Volunteer Experience - Deidre and Michael

A few months ago we went to the Rafiki Ball at which we successfully bid for a trip to Tanzania that included spending time with the Rafiki Surgical Mission on one of their twice yearly visits. Our host Carolyn Bellamy had been before and promised us it would be the trip of a lifetime. It has lived up to that in every respect.

Since arriving in Mwanza on Lake Victoria we have been allowed to join the Rafiki team at the hospital even in the operating theatre. We have watched highly skilled plastic surgeons Andrew and Brigid at work with anaesthetists Andrew and Steve, scrub nurses Alice and Kathy, recovery nurse Jamie, nurses and organisers extraordinaire Taka and Lindy, physiotherapist Heather and Steve, a recent medical graduate. We have met young and not so young patients who have made the journey to Mwanza from up to 100s of kilometres away in the hopes of being able to have surgery performed by the Rafiki team. The team are all truly amazing. They work with the barest of facilities. The operating theatre is a small room with two operating tables so they can work on two patients at a time. Supplies including two purpose built anaesthesia units are all brought in about 20 suitcases from Perth. The suitcases are arranged around the theatre and the neighbouring supply room. After theatre, the patients are taken to a tiny recovery room with just two beds.

From there they are taken to two small wards where they sleep on mattresses on the floor. These rooms are an amazingly lively mix of children and their parents along with adults all waiting for surgery or recovering from surgery. Many of the operations are cleft lips and pallets and burns injuries. We have got to watch both. The cleft lips that we saw were transformed in less than an hour. It was especially rewarding to see a beautiful little girl have her lip closed and a 22 year old woman who was quite overwhelmed when she saw her new lip. The burns operations were more complicated and involved releasing joints in fingers, shoulders and even a hip where the skin had contracted following burns. These injuries are sadly all too common with open fires in the villages.

Following the release of the joints the skin is sown back together in a new 'Z' shape to allow normal movement of the joint and skin grafts are applied to exposed gaps. I have never seen surgery up close like this before and I have been amazed by how such large wounds can be closed up and stitched together so neatly. It is truly like watching artists at work. I also got to visit the ward and join Lindy and Heather playing with the children. While this is fun it is also an important part of their recovery. Heather is a great hit with bubbles and balloons all designed to train limbs to move again.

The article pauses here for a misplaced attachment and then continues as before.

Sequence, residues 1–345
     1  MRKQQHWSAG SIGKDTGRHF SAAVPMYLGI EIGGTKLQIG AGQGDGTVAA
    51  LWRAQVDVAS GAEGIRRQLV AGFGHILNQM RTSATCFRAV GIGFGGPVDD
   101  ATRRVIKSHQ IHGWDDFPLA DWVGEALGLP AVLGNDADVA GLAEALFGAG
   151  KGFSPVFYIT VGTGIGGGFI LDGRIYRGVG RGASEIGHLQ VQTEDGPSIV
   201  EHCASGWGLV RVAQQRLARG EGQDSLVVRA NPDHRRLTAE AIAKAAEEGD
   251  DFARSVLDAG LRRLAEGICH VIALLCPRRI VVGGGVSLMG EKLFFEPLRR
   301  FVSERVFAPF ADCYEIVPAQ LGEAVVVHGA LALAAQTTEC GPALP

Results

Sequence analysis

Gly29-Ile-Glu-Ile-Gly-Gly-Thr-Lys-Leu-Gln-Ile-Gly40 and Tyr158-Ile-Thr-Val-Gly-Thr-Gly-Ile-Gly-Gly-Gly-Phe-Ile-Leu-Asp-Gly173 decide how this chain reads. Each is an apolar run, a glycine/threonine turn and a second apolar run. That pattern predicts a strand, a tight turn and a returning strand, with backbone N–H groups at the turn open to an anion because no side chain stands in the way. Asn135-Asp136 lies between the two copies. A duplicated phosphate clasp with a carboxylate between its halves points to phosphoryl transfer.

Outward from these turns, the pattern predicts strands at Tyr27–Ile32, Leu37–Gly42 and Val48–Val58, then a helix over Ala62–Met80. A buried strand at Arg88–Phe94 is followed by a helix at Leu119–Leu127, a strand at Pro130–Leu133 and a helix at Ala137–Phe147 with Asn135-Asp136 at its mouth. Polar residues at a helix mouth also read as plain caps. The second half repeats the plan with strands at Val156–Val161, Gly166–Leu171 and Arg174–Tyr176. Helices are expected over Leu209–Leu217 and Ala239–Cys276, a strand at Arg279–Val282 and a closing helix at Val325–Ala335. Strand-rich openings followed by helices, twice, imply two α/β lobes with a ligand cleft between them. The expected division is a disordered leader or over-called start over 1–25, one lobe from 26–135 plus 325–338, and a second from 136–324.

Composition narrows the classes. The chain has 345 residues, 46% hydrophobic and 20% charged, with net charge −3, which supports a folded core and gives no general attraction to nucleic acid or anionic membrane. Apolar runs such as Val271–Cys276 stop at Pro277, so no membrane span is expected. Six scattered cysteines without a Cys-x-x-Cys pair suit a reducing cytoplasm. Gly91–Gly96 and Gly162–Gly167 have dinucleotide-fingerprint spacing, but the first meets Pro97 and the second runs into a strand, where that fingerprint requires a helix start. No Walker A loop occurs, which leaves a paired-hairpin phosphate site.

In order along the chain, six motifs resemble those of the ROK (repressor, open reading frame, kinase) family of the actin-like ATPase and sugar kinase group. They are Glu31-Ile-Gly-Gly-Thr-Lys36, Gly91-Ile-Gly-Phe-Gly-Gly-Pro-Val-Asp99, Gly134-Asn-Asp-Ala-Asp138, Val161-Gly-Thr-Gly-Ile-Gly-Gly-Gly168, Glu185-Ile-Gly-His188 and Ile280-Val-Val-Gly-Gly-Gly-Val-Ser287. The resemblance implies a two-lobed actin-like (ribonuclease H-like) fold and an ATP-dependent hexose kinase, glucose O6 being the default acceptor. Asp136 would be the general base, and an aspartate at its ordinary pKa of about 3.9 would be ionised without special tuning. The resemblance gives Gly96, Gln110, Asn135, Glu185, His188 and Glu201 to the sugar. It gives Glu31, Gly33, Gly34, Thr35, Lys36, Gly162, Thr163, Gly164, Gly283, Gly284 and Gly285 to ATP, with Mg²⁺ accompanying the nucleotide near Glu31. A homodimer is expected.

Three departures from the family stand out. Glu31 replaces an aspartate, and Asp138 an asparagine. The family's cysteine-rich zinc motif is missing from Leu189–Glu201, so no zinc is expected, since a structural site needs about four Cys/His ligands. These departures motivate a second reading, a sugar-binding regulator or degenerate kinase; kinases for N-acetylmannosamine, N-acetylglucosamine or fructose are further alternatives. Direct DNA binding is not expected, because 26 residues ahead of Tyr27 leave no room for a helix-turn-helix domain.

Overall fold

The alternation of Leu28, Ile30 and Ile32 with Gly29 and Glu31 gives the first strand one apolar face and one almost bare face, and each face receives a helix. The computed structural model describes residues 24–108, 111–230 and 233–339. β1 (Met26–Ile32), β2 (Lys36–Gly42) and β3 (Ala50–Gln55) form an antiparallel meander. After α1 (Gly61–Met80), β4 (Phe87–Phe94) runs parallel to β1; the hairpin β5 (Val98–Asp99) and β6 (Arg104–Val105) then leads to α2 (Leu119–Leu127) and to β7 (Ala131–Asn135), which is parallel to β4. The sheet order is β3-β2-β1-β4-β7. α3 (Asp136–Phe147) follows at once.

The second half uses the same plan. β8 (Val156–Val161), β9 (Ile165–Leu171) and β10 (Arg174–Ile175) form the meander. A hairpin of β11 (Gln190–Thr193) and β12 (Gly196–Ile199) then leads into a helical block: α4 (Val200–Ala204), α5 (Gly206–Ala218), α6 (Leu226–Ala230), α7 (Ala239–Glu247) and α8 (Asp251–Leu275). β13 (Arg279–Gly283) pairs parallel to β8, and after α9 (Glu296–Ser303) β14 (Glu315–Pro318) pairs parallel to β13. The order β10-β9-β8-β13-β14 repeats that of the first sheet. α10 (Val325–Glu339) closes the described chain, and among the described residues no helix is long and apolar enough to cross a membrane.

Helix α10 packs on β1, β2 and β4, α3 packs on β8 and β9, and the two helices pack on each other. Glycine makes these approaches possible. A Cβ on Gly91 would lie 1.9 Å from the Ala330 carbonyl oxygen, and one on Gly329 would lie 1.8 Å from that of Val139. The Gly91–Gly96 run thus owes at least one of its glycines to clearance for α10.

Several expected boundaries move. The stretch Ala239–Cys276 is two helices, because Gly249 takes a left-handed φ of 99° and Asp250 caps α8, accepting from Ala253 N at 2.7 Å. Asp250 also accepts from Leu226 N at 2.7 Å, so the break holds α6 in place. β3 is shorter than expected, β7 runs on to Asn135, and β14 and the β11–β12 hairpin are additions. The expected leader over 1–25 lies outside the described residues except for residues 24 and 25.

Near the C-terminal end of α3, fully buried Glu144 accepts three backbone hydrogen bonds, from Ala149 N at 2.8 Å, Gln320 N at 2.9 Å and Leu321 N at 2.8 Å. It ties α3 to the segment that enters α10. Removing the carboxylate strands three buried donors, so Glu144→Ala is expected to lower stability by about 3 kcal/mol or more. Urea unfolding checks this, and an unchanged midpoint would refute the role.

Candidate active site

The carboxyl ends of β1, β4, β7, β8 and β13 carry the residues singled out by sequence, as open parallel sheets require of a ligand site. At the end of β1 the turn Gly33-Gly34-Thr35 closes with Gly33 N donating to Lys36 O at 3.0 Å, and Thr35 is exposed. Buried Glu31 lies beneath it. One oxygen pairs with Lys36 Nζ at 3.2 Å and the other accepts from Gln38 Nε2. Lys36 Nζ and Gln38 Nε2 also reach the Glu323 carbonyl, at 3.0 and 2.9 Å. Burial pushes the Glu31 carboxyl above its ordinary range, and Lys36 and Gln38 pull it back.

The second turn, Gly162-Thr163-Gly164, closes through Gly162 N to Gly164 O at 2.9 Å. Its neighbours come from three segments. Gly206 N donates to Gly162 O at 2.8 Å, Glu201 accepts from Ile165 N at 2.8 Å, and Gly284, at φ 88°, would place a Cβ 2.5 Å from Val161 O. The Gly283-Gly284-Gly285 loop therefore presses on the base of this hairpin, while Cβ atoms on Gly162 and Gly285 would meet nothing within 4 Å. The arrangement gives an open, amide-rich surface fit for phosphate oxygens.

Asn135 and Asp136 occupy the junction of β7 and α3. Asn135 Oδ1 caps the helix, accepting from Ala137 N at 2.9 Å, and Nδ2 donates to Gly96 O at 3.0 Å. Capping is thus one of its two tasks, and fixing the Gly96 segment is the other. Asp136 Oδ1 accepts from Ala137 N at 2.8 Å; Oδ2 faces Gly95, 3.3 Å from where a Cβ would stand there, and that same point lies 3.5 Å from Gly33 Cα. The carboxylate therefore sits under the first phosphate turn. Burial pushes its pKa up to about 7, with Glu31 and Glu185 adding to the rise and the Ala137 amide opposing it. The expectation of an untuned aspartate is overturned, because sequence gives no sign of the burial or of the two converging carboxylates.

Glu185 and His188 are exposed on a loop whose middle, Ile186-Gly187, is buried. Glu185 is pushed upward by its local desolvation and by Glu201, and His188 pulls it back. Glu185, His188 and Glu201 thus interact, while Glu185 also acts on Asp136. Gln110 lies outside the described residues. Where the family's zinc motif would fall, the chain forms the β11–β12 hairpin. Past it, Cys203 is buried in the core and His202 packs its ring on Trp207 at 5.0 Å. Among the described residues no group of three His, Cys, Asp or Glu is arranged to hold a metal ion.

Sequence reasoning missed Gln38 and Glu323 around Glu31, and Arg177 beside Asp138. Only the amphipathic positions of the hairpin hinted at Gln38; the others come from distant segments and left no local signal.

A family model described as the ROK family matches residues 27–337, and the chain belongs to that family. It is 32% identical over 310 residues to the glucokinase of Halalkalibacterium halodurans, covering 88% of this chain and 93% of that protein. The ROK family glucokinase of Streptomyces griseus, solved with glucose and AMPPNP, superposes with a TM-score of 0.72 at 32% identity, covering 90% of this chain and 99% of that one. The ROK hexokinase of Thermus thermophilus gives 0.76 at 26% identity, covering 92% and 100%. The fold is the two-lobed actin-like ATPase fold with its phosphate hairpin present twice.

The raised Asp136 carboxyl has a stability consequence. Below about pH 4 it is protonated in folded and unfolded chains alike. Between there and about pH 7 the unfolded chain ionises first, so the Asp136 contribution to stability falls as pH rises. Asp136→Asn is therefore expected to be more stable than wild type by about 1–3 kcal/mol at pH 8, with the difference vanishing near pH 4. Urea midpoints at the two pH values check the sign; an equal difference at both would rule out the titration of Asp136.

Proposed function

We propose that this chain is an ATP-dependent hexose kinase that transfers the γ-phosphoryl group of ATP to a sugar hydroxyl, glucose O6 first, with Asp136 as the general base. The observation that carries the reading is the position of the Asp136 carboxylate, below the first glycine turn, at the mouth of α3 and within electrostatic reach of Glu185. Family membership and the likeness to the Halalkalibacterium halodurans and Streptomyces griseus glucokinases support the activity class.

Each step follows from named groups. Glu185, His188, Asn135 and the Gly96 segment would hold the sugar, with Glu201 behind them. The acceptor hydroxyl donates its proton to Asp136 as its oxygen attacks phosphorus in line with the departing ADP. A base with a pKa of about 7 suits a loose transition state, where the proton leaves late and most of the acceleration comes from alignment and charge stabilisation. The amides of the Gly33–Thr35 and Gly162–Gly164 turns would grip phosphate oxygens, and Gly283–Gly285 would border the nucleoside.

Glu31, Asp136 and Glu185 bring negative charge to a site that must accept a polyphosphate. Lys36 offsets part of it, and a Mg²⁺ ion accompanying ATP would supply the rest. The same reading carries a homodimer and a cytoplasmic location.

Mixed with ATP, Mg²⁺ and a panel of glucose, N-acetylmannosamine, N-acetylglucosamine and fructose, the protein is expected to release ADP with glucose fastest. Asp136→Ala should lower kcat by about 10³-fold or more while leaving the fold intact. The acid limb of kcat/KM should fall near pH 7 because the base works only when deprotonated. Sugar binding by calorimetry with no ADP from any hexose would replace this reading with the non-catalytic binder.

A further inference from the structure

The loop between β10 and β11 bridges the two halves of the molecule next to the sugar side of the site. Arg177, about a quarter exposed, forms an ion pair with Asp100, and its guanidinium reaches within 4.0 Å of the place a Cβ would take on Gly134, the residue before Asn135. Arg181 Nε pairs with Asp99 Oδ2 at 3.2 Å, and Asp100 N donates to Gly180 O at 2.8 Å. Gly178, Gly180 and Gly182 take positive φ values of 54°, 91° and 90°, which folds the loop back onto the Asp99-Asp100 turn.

The team also spends a considerable amount of time here training local medical staff and students. The tiny operating theatre has been filled with people the whole time. This journey has been an amazing experience for us. We saw how a donation to Rafiki has a direct and real benefit for individuals who could never have afforded a much needed operation. These operations are truly life changing allowing these people to lead normal independent lives that might otherwise have not been possible. We have of course also been reminded again how lucky we are to live in a country where conditions like cleft lips are routinely treated within the first few months of life and where injuries such as burns occur less frequently and are treated immediately.

Special mention goes to the companies that support Rafiki particularly AngloGold Ashanti which employs 3000 Tanzanians at Geita Goldmine three and a half hours from Mwanza. They run a special program to bring local villagers to the Rafiki mission for surgery. Their community affairs officer Musa Shunashu personally brings the patients to Mwanza and plays a really important part in extending the good that Rafiki does as widely as possible. Of course Tanzania is also a great place for a holiday and we have already been to Zanzibar where we stayed at Asilia's Matemwe Retreat. From Mwanza we are looking forward to staying at the Serena Safari Lodges in the Serengeti and at Ngorongoro Crater, hoping we see lots of African wildlife! Then home on Qatar Airways. It has been an amazing privilege to be part of the Rafiki Surgical Mission and we would recommend it to anyone without hesitation.

Deidre Willmott and Michael Lishman

Contact Us

Rafiki Surgical Missions

Suite 183, Level 6
580 Hay Street
Perth, Western Australia 6000
P: +61 (0) 8 9221 0033
E: info@asanterafiki.com